Thursday 22 August, 2019

Cyber Risks Facing Financial Executives

Drew Del Matto, Chief Financial Officer of Fortinet

Drew Del Matto, Chief Financial Officer of Fortinet

As global cyberattacks persist, cybersecurity is becoming a main focus for top management. Gone are the days where it’s just a concern for IT teams. These rapid, sophisticated attacks across industries have demonstrated that cybersecurity is the responsibility of the entire organization as they seek to avoid the crippling effects associated with data breaches.

This is especially true of finance teams and financial executives. Financial executives are tasked with the job of ensuring consistent fiscal well-being and driving economic growth within their organisations, while determining and avoiding risk factors. To this end, corporate finance teams have to be concerned with and take ownership of cybersecurity initiatives within their organisations.

These breaches can result in non-compliance fines and reputational damage that can have lasting effects on the bottom line, with 85 percent of managers at financial institutions stating damage to reputation as the most prominent consequence of a data breach. With GDPR taking effect in May 2018, the consequences of not following regulations and compliance standards will take on a new level of financial and reputational penalties, including damage to the digital trust that you have with your customers, employees, investors and other stakeholders.

Due to the various types of monetary transactions and data that go through the finance department – bank account information, money transfers, invoices and more – these teams are prime targets for cyberattacks. As financial executives get proactive about cybersecurity, here are some of the top attack methods and vectors, along with mitigation strategies to consider.

  • Malware and Ransomware
    Of the 85 percent of businesses that have experienced security incidents in that past two years, 47 percent were targeted with malware and ransomware. These attacks are commonly disseminated through unpatched vulnerabilities and social engineering.
  • Phishing and Internal Threats
    Phishing scams are popular ways for cybercriminals to target organizations’ finances, with multiple instances of scammers impersonating authoritative business figures to request money transfers. Phishing emails that appear to be innocuous are also popular ways to infect machines with malware and ransomware in malicious attachments and links.
  • The Cloud Requires a Different Approach to Security
    Many organisations are currently moving operations to cloud environments as part of their digital transformation initiatives. While the cloud is not inherently insecure, it requires a different set of security capabilities than traditional network infrastructure.

To mitigate the financial risks posed by these and other threats, financial executives should work with leaders and departments across the organisation to build a secure environment, in terms of both personnel and IT infrastructure.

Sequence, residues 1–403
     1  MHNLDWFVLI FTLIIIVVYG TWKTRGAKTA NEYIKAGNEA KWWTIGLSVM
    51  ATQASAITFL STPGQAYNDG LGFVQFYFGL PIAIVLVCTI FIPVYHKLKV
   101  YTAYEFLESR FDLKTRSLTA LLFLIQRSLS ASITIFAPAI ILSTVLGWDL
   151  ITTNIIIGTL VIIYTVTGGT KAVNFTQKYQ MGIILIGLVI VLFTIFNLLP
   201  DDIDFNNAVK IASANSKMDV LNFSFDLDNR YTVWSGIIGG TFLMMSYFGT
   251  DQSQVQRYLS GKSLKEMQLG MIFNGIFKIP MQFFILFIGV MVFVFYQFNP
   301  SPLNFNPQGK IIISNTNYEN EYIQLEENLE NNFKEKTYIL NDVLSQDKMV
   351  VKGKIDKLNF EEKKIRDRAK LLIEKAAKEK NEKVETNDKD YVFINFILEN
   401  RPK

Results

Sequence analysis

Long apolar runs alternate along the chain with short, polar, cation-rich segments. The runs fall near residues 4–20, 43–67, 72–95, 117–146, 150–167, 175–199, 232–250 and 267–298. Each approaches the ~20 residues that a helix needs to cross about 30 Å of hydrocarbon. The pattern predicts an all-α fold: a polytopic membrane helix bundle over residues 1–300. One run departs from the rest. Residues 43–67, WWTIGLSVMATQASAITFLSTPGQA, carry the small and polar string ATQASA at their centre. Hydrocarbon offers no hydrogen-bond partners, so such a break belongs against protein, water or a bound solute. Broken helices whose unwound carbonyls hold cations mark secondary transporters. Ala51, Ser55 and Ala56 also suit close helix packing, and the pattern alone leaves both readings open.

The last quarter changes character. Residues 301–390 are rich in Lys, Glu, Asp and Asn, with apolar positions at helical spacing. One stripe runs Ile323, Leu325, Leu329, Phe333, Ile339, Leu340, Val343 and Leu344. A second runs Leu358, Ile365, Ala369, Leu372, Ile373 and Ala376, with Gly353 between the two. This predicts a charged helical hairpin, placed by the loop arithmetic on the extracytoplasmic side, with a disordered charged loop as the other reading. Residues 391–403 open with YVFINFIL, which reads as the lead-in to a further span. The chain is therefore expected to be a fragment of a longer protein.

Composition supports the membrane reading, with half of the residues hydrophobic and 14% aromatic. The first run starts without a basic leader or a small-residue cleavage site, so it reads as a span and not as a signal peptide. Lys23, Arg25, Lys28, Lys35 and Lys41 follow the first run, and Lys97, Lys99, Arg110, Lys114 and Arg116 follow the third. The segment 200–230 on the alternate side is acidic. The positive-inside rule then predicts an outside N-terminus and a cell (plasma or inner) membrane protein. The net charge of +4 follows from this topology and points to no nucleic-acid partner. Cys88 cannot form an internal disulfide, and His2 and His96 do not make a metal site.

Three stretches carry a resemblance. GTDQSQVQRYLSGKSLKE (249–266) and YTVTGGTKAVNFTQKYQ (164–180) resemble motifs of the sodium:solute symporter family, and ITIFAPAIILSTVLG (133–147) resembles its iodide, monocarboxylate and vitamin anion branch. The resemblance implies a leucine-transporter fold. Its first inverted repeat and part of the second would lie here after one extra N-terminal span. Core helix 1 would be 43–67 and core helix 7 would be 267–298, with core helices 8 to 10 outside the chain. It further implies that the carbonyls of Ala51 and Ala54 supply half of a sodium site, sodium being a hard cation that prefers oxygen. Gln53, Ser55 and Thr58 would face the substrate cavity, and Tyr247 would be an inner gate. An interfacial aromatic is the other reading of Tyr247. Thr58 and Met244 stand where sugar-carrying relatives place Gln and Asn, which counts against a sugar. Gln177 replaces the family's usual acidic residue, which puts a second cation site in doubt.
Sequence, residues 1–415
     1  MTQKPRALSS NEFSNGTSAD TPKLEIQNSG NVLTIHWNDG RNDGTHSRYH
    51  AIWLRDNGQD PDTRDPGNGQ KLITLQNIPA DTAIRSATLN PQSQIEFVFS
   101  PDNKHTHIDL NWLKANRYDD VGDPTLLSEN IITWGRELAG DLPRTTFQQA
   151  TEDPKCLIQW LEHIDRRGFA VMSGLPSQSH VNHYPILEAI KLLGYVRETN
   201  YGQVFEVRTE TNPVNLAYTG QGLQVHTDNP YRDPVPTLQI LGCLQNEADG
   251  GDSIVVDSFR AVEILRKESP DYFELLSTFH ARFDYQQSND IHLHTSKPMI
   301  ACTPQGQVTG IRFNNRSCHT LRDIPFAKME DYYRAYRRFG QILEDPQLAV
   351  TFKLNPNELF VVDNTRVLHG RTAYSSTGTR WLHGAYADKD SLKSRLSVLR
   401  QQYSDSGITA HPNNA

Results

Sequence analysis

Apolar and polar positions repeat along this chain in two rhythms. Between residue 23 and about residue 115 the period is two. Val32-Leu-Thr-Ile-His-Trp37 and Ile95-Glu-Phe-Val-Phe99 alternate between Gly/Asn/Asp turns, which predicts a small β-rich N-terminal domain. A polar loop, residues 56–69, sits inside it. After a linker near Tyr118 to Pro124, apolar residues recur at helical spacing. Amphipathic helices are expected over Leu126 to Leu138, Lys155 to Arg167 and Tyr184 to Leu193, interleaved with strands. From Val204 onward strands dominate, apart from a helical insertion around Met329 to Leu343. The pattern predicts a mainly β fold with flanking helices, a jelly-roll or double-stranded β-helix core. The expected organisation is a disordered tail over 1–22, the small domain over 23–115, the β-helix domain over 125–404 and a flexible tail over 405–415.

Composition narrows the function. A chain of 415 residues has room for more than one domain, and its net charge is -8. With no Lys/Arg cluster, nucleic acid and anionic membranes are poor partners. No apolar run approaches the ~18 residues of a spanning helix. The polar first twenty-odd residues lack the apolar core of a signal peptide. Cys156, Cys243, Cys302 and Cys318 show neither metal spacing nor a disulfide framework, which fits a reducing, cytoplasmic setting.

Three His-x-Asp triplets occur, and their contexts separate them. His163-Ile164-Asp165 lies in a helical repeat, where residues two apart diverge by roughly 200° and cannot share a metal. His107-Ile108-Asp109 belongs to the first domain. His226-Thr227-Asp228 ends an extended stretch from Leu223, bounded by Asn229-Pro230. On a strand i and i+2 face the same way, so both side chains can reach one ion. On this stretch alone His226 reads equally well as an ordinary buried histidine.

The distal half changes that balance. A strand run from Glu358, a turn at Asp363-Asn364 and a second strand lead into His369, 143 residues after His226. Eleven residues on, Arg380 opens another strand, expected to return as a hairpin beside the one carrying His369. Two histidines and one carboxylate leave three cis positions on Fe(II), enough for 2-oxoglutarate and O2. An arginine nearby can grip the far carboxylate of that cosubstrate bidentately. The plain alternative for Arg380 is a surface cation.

Build a Cyber-Aware Culture

One way to do this is to ensure your organisation is aware of common cyber threats. Being aware of your own susceptibility to cyberattacks will make your organisation more equipped to handle them. Financial executives can do this by having employees participate in cybersecurity training that will make them more cautious when opening emails from unknown sources or with suspicious content.

Additionally, executives should encourage IT to administer cyber threat assessments at regular intervals to understand where the business is vulnerable and build defenses accordingly.


Deploy Security Solutions

With a cyber-aware culture, executives must then ensure that the organisation has the proper security architecture in place to detect, isolate, and mitigate any breach in real-time across distributed environments.

By implementing a fabric-based approach to security, organisations can get real-time intelligence of data movement across their network from endpoints to the cloud. The integration of security tools ensures that each solution is up-to-date with the most current threat intelligence, and provides single management.

Finally, financial executives need to make sure there is a clear understanding of which data is the most critical, where that data is stored, and who has access to it. Among the most effective ways to do this is with internal segmentation and access management. Internal segmentation ensures that in the event of a breach this data is not compromised while giving greater visibility into lateral data movement. Access management ensures that only necessary employees are able to access this data, reducing internal threats.

Cybersecurity is no longer just a job for IT teams. With sophisticated attacks that can do permanent damage to an organization’s bottom line, C-level executives, especially in finance, have to take a leading role in cybersecurity initiatives. The most effective way to do this is by building a culture of cybersecurity awareness and ensuring the correct tools are in place to detect and mitigate threats.

This article was written by Drew Del Matto, Chief Financial Officer of Fortinet

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